Scotland voted, as usual, for a party of the left. It returned more left wing members than ever before. As often happens, Scotland doesn’t get the party it votes for – this is standard under FPTP. We’re lumbered with the Tories again. To be fair, even if all Scottish seats (including the additional 15 taken from LibDems and previous SNP) were transferred to Labour, the Tory government would still have a majority.

    What HAS changed is that instead of sending 6 SNP MPs, the Scots have sent 56! This, to be clear, is under the same system as was used in all previous elections and the one that the Conservative and Labour Parties pushed to retain just a couple of years ago.

    The change is that, institutionally, Westminster feels threatened not just by SNP, but by Scots wielding power. We saw the ‘Rivers of Blood’ speech used referring to Scots and the Conservatives stating SNP had no legitimacy. They raised tensions which can only be described as racist.

    If, after 300 years, Scots can’t be accepted as having a voice are we multicultural, or are we racists??

  2. Arizona1365

    Funny – I don’t remember all this outcry from the Left when Tony Blair won a majority in 2005 with 32% of the vote

  3. swat

    Its an absolute disgrace that the Greens and UKIP only ended up with 2 seats between them. And on AV PR they’d still have ended up with just 2 seats. So the cry for PR is not just coming from the Left!
    We in Labour have all along been in favour of PR, LCER, and the ERS have been foremost in calls for PR. I still believe that AV is still the best and most easily understood of all PR models. So if people were aware of PR this year as the voting system they would more than likely have voted in 80 UKIP and 50 Greens. True Labour would still have lost, but that’s a story for another day. Its all a matter of fairness to all Parties and not to continue the hegemony of the 2 main Parties to exclude other Parties and more exclude the voters from elections.

  4. RoyB

    Two wrongs don’t make a right.

  5. Matthew Blott

    Tony Blair was open to the idea but John Prescott and other tribalists kicked up a stink when Paddy Ashdown and others were invited into government so any idea of reform was binned.

  6. Ringstone

    Not so fast, it gets worse! Toxic Tony had 35.2% of a 61.4% turnout, that’s the active support of 21.6% of the electorate for a thumping 66 seat majority. Cameron just got 36.9% of a 66.1% turnout which is 24.4% support for a majority of 12.
    Yet Team Red are now shouting that this was the most “disproportionate” result in election history. Never let the truth get in the way of a good story.

  7. Ringstone

    I’m for AV too. Politicians should answer to an electorate, not the man who decides who goes where on the Part List. Ed Balls would have been second of Team Red back to the trough on a party list, the people thought otherwise.

  8. Iconoclypse

    As a lifelong member of ‘the Left’ I have advocated PR since before I was allowed to vote. I also voted in favour of AV. AV is not perfect, far from it, but it is more representative than FPTP. It’s time for both Labour and the Conservatives to face the fact of the multi-party political society we live in now. Given that over 5 million votes translated to 2 seats for UKIP and the Greens we’re in danger of someone suing if we continue to call ourselves a democracy.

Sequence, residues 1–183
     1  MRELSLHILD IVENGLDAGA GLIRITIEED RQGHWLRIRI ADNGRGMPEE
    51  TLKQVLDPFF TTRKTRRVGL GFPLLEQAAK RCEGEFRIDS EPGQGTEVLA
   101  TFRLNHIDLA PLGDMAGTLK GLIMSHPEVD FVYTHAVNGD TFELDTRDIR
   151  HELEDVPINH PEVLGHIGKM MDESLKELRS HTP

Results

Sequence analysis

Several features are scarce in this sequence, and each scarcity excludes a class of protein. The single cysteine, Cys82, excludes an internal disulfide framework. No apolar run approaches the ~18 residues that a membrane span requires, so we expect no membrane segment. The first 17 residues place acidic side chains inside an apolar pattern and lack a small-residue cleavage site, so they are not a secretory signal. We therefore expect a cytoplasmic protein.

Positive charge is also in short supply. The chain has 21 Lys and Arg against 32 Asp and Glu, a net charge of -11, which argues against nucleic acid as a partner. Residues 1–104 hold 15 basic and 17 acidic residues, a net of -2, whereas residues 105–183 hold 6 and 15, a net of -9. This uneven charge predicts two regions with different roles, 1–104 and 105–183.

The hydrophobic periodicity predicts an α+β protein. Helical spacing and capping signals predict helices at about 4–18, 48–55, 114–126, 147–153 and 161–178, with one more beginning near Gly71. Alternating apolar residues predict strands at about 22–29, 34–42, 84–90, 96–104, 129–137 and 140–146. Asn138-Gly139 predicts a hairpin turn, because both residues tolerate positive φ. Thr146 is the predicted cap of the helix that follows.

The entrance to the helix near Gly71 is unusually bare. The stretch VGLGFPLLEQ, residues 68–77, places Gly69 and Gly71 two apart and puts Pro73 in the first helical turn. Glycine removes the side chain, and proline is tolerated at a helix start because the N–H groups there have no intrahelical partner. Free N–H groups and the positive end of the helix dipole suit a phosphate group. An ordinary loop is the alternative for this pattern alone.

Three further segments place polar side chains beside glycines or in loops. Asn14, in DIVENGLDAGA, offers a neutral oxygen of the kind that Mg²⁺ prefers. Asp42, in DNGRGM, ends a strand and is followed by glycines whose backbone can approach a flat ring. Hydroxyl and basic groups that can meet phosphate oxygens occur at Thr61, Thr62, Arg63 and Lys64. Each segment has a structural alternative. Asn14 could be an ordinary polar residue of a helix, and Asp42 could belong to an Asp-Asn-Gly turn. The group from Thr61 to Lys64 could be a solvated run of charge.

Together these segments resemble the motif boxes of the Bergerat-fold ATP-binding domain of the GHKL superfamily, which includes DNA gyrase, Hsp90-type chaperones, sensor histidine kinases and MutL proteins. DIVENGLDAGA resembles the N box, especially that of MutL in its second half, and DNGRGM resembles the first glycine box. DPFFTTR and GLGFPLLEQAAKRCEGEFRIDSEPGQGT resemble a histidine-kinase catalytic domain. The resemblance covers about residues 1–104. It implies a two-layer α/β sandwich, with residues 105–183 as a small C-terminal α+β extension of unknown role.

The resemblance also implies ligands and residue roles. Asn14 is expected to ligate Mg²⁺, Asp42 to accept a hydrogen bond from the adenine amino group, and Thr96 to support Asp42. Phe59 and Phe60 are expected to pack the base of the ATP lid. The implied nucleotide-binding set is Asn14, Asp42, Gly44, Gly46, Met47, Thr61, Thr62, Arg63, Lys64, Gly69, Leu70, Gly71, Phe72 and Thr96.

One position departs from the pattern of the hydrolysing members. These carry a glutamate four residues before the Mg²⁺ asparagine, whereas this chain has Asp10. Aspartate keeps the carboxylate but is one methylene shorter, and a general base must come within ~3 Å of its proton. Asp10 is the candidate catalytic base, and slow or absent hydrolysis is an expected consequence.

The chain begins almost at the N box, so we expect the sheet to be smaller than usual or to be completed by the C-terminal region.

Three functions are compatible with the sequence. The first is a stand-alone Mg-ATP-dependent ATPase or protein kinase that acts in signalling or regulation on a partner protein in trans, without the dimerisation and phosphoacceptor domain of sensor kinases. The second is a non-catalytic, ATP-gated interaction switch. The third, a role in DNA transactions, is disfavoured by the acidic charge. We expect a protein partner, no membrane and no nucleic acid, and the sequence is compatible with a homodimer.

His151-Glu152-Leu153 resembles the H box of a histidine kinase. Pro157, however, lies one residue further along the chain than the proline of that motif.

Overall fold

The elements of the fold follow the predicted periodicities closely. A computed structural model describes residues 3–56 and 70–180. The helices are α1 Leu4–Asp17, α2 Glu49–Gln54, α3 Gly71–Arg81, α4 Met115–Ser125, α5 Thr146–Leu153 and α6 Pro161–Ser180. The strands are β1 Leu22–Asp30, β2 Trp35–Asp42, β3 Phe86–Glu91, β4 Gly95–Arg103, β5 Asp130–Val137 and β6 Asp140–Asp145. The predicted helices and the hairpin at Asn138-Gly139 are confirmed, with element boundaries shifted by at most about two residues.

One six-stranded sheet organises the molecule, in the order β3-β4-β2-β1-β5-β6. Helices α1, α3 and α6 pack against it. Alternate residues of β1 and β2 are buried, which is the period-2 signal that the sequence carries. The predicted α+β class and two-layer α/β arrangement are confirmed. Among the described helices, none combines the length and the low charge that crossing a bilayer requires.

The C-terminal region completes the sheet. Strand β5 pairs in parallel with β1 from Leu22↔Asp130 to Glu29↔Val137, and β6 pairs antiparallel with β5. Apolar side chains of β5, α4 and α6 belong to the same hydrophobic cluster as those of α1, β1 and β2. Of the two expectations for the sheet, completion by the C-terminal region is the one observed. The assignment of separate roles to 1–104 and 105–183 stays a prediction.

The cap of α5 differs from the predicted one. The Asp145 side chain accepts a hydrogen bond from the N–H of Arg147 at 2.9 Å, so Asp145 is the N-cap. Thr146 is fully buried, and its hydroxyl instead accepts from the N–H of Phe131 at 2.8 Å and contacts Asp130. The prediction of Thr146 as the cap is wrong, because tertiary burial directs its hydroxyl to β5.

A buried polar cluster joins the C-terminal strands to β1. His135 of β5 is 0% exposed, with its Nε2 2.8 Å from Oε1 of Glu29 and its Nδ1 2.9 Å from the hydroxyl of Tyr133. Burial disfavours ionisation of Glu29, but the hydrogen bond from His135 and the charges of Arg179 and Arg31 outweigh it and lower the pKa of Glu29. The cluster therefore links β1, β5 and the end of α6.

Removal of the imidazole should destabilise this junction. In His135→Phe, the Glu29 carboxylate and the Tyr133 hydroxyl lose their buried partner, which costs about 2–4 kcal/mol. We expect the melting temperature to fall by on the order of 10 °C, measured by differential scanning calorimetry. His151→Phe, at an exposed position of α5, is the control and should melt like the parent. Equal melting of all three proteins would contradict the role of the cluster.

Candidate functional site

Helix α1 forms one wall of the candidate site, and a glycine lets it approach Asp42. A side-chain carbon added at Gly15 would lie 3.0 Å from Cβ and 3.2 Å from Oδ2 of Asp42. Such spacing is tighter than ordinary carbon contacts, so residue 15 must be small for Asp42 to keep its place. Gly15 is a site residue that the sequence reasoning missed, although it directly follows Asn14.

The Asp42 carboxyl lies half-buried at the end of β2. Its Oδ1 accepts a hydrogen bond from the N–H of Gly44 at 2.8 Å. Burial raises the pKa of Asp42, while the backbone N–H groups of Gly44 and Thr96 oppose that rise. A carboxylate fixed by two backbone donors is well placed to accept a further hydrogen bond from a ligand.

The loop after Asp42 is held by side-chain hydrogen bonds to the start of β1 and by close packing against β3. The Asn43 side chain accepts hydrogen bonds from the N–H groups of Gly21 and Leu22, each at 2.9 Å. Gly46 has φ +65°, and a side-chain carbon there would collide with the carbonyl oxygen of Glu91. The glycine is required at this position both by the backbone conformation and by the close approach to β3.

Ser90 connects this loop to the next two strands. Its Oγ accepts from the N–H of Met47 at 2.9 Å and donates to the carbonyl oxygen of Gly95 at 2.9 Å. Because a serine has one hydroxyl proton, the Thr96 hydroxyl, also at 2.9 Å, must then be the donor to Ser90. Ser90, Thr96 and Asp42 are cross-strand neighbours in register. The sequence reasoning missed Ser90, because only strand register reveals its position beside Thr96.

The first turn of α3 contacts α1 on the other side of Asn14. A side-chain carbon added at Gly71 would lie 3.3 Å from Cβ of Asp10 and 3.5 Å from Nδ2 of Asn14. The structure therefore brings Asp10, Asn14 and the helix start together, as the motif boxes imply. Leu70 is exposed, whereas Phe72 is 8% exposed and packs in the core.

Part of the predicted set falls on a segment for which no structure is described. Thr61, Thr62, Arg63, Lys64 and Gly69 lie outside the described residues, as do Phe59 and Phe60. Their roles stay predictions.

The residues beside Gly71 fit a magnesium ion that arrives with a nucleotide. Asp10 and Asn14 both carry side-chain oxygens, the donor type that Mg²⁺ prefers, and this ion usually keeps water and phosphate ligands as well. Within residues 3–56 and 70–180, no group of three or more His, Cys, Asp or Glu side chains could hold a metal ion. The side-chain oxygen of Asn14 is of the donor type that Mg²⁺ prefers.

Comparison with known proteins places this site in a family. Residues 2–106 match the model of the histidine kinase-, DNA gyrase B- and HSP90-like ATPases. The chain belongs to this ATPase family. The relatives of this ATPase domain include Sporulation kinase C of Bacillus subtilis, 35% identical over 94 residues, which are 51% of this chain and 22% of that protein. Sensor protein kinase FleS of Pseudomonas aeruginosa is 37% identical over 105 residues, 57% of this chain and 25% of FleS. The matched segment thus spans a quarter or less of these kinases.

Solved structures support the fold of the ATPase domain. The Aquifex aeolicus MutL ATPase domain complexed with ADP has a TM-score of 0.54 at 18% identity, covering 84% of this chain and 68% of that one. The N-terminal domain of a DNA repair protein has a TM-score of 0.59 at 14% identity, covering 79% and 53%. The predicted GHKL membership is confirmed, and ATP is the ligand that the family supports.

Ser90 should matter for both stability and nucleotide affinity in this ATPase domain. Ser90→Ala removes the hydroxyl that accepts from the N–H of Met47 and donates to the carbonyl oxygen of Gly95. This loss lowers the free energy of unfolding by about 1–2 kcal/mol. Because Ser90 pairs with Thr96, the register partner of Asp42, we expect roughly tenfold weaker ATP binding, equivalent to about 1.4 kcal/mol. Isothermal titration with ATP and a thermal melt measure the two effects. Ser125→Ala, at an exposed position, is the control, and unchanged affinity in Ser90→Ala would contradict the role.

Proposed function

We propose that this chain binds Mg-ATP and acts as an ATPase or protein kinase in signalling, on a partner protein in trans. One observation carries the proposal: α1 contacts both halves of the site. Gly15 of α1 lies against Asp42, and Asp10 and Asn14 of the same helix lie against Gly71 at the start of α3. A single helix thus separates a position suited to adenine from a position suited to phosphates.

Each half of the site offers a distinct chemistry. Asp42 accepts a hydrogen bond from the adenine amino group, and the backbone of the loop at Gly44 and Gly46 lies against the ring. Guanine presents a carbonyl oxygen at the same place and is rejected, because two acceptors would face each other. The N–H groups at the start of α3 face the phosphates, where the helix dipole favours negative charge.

9. iconoclypse

    It’s not ‘Team Red’ decrying this as the most disproportionate election but the ERS. Please don’t try to make this a sad little 2-party partisan whinge-fest. ‘Team Blue’, who you clearly support ‘won’ so revel in your victory. The FACT, as pointed out by the ERS report (if you actually read it), is that more votes than ever before did not count towards any representation. This is because of the rise of multi-party politics and has nothing to do with ‘Teams Red and Blue’. That is the truth.

  10. Matt Booth

    I for one, as an English person, welcome their voice of the left in Parliament. It’s just a bloody pity they’re nationalist, and that the Tories are intent on removing their right to vote on “English matters” Though, being entirely fair, that’s the fault of the devolved system of powers for Scotland – but that only affects me negatively, not you.

    If the SNP were not a nationalist party, and a fully-on British party, they’d’ve had a lot more sway in this election. After those TV debates, English and Welsh folk were dismayed at not being able to vote for Ms Sturgeon. She was the voice of the left in the TV debates.

  11. Ringstone

    The ERS comments on disenfranchisement and the Labour spin into “we wuz robbed” are two different things. Not only have I read the report, I put money into the ERS – though I don’t agree with them on everything – how about you?


    You have to be joking that Scotland voted for a party of the left. The Nat rulers are right wing their so called left are fools.


    Sturgeon is a gobshit who spouts anything that may sound popular but when it comes to legislation to help the so called poor then wait out. It will not happen. If the English and Welsh are willing to accept her crap then sad for them. First past the post makes for firm government. The SNP have no problem taking taxpayers money and sitting on their hands in Westminster pretending they can contribute.